Exactly the SIEM security information and event management. If I remember correctly, or this acronym is already 15 years old, as of 2020, it was introduced 15 years ago or the ultimate solution to all of the enterprise security problems. And the idea was that instead of having to use lots of different user tools, like an antivirus or a firewall or a intrusion detection system to kind of consult separately, you just let all of those tools feed their data into a single database. And that database would be your scene or security information management. And on top of it, you would run some kind of a rules engine or a filter or a search solution to allow your analysts to find relevant events and maybe even produce some security related alerts. That would be your Sam security event management and together they formed a scene. And a scene is a until now is probably the most popular technology which powers a security operation center. Although, of course it's no longer the only one,
Right? But if I think in a very naive manner, if I gather all the information from all the systems that provide relevant information, that could be integrated into such a solution, we end up with an immense mass of data, which is almost impossible, really, to filter or to analyze without any additional help. Exactly.
And this is exactly what people have realized probably a year or two after the initial seams appeared on the market. So first of all, a theme is a traditional theme solution, which would be a huge database running on an on-prem solar farm. And so on. It's extremely complicated to set up. It's extremely difficult to customize to a specific network and to infrastructure or a specific company that requires a team of experts to just operate, not even to use, just to operate, to maintain it to in a running state of Israel. And of course it collects huge amounts of data without making any difference between relevant and irrelevant data. And we all know that that's irrelevant to the statistical noise would probably be 99 point 99% of all the collected data in a typical seam or in our modern large enterprise. You end up with tens of thousands of alerts, even with all the carefully crafted rules in place, because the total number of events collected through a date would be in millions. So of course, if you have 10,000 alerts a day, even your largest team of the best experts just have no time to react to all those events. And that was probably like the, the single biggest challenge is what we would now call legacy seems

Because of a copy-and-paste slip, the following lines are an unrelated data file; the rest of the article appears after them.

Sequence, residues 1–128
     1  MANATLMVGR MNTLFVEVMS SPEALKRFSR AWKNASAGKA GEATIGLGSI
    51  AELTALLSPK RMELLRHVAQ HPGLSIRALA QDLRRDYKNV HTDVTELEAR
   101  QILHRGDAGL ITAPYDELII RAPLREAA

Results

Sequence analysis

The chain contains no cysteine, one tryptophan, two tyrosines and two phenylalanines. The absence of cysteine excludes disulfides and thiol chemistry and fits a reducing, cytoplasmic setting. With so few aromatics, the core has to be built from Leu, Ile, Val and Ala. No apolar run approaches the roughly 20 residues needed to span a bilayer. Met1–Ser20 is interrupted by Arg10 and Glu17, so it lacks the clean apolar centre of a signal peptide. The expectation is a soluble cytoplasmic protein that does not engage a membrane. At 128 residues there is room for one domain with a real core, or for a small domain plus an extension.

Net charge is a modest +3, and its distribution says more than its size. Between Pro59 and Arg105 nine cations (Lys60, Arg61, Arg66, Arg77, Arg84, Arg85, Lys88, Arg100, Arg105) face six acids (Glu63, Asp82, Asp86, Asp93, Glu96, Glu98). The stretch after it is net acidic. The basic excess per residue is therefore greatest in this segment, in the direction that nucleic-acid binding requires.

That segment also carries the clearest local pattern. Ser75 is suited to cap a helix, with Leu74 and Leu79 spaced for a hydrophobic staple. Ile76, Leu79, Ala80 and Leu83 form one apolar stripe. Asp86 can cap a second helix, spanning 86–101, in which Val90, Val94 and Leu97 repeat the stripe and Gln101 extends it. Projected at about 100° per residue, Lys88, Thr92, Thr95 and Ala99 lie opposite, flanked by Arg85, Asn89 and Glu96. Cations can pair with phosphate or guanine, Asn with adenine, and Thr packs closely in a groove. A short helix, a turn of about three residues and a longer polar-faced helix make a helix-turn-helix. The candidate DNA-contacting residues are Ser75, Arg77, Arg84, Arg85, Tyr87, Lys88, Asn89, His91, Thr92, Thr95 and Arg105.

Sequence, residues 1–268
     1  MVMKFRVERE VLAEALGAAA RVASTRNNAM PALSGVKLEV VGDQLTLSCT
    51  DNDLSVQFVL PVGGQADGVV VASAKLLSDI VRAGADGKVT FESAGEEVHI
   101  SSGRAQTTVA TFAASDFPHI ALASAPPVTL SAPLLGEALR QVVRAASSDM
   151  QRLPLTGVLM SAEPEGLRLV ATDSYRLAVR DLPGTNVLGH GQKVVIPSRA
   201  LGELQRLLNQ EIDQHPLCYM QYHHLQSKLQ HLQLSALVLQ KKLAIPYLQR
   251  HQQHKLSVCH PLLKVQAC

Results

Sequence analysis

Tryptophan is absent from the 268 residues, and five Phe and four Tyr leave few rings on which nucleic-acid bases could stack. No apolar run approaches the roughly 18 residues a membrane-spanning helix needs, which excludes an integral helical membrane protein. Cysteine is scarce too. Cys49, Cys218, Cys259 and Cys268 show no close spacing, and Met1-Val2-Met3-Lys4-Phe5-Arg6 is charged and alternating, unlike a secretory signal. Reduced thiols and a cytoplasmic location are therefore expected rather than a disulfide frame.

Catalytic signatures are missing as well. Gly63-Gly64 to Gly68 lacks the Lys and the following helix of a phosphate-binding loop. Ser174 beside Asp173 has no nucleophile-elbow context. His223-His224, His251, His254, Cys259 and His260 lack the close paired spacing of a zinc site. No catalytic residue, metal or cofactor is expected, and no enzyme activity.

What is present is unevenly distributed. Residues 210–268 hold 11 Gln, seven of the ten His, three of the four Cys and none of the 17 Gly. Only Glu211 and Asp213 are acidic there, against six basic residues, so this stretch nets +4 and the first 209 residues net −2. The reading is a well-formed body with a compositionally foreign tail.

In that form, still a thing for security operations center. If this is this really something that is used as of now,
Let's use my favorite German word EIN. So yes and no, I see him, of course it's still relevant, but more than seen it's by far, no longer that scene, that used to be 15 years ago. And if we are lukewarm, at least if we here in our studio, look at our brief history of scene, and I can tell you that it involves at least four major generations over the last 15 years. So that first generation of seams even predates the cloud because the first cloud public cloud appeared to be yield after the first scene. And of course they predate the still popular notion of big data. So basically adjuster about five or six years after the first generation of seams, you already had the second one, the major improvement, because they were already running on or big data frameworks instead of classical databases, they were able to be deployed in the cloud infrastructure. So immensely more scalable and did not require that much professional effort, but still they're largely rule-based with color in order to configure your scene, to alert you on a threat, you first have to know about the threat, and then you would have to be able to craft a number of rules or anyone for that. So basically that second-generation scene while much more performance and easy to operate was still very much like a classical antivirus. It was quote unquote signature-based right.